- NALACC and “Caravan for Peace with Justice and Dignity” allies to hold march and vigil in Chicago honoring the more than 60,000 people killed in drug war in Mexico
WHAT: The National Alliance of Latin American & Caribbean Communities (NALACC) is joining other civil society groups aboard the Caravan for Peace with Justice and Dignity for a community march and vigil honoring the more than 60,000 people killed in the drug war in Mexico. The events will take place today Monday Sept. 3, 2012 in Chicago. The city is one of the more than 20 stops of this broad binational coalition traveling the United States from coast to coast raising awareness on the human costs of the war on drugs and the social disasters caused by violence in Mexico and in the United States. The Caravan will culminate on Sept. 12, 2012 on International Day of Action in Washington, D.C.
WHO: NALACC, along with other 100 U.S. civil society organizations, has formed an alliance with Mexico’s Movement for Peace with Justice and Dignity (MPJD), co-led by Mexican poet and activist Javier Sicilia, on the Caravan as a sign of solidarity with Mexicans as well as a way to share its “Somos” / “We Are” initiative, which mirrors the same goal: to humanize the debate of policies that directly affect the immigrant communities in the United States.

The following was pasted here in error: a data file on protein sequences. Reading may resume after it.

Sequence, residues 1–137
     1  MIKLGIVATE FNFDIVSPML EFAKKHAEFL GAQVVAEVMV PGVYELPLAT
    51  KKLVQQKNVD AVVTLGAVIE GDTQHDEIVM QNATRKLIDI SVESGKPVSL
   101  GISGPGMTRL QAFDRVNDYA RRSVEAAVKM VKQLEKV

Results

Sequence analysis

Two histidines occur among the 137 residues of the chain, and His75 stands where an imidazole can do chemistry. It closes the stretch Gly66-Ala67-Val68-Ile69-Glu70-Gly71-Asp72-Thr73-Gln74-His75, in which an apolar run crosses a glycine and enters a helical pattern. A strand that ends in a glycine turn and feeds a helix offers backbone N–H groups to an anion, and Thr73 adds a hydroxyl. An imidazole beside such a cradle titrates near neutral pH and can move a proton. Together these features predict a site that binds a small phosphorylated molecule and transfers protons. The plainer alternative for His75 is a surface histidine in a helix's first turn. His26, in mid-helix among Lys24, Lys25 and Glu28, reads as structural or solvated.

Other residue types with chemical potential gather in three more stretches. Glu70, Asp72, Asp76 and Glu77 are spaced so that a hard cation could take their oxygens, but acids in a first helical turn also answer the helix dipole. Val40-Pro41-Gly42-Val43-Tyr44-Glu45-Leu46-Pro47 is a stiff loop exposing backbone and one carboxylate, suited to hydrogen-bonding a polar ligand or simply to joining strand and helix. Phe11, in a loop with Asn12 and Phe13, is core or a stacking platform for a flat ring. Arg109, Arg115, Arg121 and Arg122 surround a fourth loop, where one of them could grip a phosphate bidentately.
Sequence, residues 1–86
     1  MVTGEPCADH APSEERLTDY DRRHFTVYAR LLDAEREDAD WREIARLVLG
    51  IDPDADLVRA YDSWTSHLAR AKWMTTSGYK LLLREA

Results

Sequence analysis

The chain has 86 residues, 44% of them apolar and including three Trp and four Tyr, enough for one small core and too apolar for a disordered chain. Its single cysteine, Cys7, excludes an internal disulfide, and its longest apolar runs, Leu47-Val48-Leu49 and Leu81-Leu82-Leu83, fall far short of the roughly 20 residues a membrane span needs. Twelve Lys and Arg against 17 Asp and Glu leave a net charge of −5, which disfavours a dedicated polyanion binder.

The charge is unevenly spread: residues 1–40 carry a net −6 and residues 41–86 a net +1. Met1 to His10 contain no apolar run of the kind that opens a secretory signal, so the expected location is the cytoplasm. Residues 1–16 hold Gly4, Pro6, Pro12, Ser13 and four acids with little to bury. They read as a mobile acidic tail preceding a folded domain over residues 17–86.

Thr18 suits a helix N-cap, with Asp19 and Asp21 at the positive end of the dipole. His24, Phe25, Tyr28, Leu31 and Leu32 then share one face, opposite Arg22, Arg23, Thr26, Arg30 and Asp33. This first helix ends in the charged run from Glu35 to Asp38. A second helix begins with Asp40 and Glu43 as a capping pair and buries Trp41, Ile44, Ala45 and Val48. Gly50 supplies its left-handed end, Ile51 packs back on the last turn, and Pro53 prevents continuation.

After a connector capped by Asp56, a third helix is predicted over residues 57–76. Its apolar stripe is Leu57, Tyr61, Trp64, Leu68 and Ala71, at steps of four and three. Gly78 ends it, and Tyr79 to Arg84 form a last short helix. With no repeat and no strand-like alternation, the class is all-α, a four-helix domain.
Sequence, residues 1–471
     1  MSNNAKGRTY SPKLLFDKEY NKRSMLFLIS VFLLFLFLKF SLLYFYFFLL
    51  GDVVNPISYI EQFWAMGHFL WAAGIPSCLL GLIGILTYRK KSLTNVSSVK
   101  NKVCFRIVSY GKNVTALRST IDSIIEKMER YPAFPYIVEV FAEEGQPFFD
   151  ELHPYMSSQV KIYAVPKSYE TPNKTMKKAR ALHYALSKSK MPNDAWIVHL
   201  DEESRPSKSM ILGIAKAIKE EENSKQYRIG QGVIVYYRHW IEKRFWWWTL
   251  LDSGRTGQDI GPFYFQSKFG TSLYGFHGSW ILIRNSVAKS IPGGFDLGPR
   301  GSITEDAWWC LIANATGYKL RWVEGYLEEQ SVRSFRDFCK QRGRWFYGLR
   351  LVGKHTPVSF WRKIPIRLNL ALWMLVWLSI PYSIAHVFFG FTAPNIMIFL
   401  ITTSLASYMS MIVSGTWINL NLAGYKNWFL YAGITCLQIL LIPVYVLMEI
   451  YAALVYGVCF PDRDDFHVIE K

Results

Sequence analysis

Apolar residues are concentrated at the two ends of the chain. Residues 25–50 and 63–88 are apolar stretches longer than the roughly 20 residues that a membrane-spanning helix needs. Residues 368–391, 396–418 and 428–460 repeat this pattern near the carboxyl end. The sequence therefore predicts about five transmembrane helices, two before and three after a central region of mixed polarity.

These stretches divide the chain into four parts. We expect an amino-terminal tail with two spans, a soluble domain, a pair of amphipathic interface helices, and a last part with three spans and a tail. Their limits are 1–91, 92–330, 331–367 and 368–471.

WHEN: Monday Sept. 3, 2012
WHERE: Chicago, IL
- 5:00-6:40 PM: Marching for Peace. March begins at 26 St. and Albany Ave. (Little Village Arch) and ends at Mount Pilgrim Missionary Baptist Church, 4301 West Washington Blvd., Chicago, IL.
- 7:00-8:30 PM: Welcoming, dialogue with Mexican victims of drug violence, vigil and prayer at Mount Pilgrim Missionary Baptist Church, 4301 West Washington Blvd., Chicago, IL
WHY: The war on drugs has left more than 60,000 people dead in Mexico in the last five years, and has resulted in over 500,000 Americans behind bars for drug offenses. Blacks and Latinos are vastly overrepresented among those arrested and incarcerated for drug offenses in the United States. The Caravan opens the possibility to initiate a transnational debate among the stakeholders searching for a new program of “human security”, whose main criterion should be the well-being of the people, including the decriminalization of migration.